BOS Newsletter-June 19th

Written by BOScoin
July 19, 2018

Team Publication

Our CSO, Myungsan Jun, is proud to announce the publication of his 2nd book which was recently translated into English.

“Blockchain Government: A next form of infrastructure for the twenty-first century” published June 15, 2018 (English Translation)

 

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About the Author

Myungsan Jun graduated with a bachelor’s degree from the Division of Sociology, Seoul National University in Korea in 1995. He has worked in the IT industry for 20 years including Cyworld, the world’s first successful social network service (SNS). He published a book, in 2012, which analyzed the communication structure of twenty-first century. This book was selected as an “Excellent literary book” in 2012 by the Ministry of Culture and Tourism, Korea. He also writes IT columns for various journals in Korea. In 2017, he published his second book, in Korea in which he investigates the relationship between the government, blockchain and social trust. He now is concentrating on BOScoin project (https://boscoin.io) to redesign the future with blockchain technology.

 

Summary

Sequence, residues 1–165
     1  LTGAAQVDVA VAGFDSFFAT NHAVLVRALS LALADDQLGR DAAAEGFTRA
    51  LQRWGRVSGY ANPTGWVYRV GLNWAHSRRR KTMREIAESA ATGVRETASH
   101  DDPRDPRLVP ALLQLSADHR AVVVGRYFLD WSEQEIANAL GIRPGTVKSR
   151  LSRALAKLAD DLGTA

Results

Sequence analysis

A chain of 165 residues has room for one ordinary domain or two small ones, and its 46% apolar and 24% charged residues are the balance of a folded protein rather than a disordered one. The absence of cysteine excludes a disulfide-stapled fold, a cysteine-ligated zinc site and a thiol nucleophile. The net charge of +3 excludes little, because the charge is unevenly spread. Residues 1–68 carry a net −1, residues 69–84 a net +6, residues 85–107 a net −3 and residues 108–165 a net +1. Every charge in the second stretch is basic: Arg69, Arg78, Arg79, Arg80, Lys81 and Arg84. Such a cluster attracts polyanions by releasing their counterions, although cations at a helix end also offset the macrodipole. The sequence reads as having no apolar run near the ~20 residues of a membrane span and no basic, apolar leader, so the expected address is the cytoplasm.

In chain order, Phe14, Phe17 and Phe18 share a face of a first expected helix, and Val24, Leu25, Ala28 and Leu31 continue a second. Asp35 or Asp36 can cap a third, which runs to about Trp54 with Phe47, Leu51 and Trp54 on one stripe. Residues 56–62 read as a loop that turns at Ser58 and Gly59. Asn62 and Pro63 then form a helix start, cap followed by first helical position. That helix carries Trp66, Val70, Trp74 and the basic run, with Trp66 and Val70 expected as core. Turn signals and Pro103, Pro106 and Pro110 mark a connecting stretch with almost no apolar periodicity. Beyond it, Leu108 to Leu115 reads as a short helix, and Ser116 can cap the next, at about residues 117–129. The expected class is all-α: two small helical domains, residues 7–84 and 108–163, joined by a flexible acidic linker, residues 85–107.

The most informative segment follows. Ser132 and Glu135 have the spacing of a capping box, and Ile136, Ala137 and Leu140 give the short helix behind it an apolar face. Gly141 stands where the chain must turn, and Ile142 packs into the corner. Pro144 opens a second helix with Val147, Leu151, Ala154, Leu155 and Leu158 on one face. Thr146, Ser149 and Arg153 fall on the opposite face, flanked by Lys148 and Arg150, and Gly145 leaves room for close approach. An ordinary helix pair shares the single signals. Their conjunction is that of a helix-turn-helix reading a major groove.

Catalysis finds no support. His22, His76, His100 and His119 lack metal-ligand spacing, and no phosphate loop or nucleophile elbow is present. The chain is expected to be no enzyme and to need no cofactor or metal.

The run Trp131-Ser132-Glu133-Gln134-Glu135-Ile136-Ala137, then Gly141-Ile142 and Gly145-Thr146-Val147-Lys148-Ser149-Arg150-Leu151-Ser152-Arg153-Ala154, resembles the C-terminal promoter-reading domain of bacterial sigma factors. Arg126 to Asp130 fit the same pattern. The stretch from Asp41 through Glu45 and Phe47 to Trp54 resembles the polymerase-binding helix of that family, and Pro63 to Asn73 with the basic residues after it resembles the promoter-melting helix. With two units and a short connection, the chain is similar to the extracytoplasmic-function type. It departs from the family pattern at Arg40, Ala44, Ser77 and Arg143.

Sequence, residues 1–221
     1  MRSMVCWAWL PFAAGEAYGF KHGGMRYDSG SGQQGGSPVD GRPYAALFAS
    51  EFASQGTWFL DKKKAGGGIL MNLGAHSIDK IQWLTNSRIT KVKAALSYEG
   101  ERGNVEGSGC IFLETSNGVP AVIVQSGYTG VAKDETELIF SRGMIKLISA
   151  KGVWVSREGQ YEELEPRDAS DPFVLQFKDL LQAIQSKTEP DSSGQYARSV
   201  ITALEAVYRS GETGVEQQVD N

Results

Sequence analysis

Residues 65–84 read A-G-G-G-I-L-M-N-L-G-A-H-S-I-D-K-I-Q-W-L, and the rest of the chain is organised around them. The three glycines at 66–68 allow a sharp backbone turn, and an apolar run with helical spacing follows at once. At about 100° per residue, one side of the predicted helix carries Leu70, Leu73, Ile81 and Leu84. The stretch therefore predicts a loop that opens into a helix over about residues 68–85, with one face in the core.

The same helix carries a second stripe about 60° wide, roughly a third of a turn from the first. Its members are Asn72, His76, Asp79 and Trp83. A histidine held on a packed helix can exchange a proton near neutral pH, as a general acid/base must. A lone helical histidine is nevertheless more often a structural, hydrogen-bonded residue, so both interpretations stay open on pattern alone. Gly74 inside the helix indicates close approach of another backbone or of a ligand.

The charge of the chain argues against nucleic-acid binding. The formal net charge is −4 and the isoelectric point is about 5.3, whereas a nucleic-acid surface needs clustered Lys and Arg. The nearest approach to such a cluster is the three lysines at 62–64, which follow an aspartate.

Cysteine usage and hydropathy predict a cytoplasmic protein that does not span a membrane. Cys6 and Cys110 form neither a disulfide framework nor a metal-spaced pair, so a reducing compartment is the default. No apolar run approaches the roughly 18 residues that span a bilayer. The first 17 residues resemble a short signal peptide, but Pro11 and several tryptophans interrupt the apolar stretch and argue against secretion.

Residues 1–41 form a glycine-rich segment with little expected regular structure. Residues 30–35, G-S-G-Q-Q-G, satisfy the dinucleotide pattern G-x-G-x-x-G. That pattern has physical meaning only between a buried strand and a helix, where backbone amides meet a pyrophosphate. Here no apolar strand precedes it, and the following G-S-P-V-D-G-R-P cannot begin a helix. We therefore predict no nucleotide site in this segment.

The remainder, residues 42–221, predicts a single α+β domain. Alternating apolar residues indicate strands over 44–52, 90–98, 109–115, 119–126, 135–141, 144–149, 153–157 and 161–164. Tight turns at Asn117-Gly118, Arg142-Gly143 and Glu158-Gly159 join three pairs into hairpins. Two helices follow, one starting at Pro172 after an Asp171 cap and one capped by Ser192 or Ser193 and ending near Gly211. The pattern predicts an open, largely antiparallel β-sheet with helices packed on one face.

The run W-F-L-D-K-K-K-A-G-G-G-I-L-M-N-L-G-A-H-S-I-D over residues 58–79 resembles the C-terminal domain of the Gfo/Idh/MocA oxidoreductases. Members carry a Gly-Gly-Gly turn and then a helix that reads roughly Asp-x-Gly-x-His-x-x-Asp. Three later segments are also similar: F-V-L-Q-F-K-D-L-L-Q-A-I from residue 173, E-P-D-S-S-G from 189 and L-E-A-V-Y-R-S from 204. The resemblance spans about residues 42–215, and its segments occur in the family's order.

Today, more than 100 blockchain projects created to transform government systems are being conducted in more than 30 countries. What leads countries rapidly initiate blockchain projects? I argue that it is because blockchain is a technology directly related to social organization; Unlike other technologies, a consensus mechanism form the core of blockchain. Traditionally, consensus is not the domain of machines but rather humankind. However, blockchain operates through a consensus algorithm with human intervention; once that consensus is made, it cannot be modified or forged. Through utilization of Lawrence Lessig’s proposition that “Code is law,” I suggest that blockchain creates “absolute law” that cannot be violated. This characteristic of blockchain makes it possible to implement social technology that can replace existing social apparatuses including bureaucracy. Government is a social technology that exists through social consensus, serving to ensure trust among anonymous individuals in an expanded community; likewise the blockchain, though varying in its nature as a physical-social technology, is specifically designed to ensure trust among anonymous individuals. When we investigate the functions of government in detail, various devices for providing trust to society operate in various areas and at various levels. In terms of ensuring trust, governments have many different ways of performing the same role. The newly developed technology of the blockchain is revolutionary in offering the first ever mechanism to ensure trust. In summary, there are three close similarities between blockchain and bureaucracy. First, both of them are defined by the rules and execute predetermined rules. Second, both of them work as information processing machines for society. Third, both of them work as trust machines for society. Therefore, I posit that it is possible and moreover unavoidable to replace bureaucracy with blockchain systems. In conclusion, I suggest five principles that should be adhered to when we replace bureaucracy with the blockchain system: 1) introducing Blockchain Statute law; 2) transparent disclosure of data and source code; 3) implementing autonomous executing administration; 4) building a governance system based on direct democracy and 5) making Distributed Autonomous Government(DAG).